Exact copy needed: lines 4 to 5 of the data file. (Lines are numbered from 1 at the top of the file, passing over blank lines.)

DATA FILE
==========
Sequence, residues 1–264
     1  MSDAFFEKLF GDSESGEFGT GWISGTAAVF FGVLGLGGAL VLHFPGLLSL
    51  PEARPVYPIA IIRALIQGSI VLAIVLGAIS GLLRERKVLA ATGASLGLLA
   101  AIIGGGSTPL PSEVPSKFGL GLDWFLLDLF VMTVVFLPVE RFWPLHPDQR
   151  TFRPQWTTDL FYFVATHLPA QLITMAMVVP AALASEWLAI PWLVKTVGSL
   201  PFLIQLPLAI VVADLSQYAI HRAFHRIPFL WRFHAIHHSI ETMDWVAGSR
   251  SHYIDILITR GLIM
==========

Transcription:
   101  AIIGGGSTPL PSEVPSKFGL GLDWFLLDLF VMTVVFLPVE RFWPLHPDQR
   151  TFRPQWTTDL FYFVATHLPA QLITMAMVVP AALASEWLAI PWLVKTVGSL